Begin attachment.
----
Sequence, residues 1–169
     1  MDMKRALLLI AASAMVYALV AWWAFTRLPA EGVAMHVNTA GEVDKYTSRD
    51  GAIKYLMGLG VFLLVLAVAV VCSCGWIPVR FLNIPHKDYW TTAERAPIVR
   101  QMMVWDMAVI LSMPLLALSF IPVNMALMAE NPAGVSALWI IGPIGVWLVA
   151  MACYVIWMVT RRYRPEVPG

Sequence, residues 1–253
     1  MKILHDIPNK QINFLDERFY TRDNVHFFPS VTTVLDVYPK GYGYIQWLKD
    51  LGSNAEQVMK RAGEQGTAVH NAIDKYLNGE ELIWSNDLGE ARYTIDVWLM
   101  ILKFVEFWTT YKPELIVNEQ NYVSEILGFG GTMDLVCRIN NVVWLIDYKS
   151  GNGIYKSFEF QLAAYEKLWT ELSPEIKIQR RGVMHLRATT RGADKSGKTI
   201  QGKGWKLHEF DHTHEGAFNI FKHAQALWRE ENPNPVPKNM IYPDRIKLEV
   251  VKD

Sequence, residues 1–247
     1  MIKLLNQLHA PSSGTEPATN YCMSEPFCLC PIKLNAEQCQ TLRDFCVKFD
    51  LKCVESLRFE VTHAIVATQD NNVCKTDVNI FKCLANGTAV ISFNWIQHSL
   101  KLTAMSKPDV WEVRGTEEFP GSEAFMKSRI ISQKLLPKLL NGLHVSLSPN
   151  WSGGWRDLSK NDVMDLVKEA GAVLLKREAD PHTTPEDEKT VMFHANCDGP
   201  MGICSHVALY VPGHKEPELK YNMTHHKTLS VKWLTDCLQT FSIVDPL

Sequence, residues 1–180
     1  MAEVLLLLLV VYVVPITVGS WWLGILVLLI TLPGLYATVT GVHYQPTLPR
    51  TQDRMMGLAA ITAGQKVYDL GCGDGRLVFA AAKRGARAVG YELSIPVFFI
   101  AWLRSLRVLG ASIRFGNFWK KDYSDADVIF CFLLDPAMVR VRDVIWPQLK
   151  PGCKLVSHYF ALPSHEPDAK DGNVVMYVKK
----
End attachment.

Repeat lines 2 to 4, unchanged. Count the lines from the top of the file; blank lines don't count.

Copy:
     1  MDMKRALLLI AASAMVYALV AWWAFTRLPA EGVAMHVNTA GEVDKYTSRD
    51  GAIKYLMGLG VFLLVLAVAV VCSCGWIPVR FLNIPHKDYW TTAERAPIVR
   101  QMMVWDMAVI LSMPLLALSF IPVNMALMAE NPAGVSALWI IGPIGVWLVA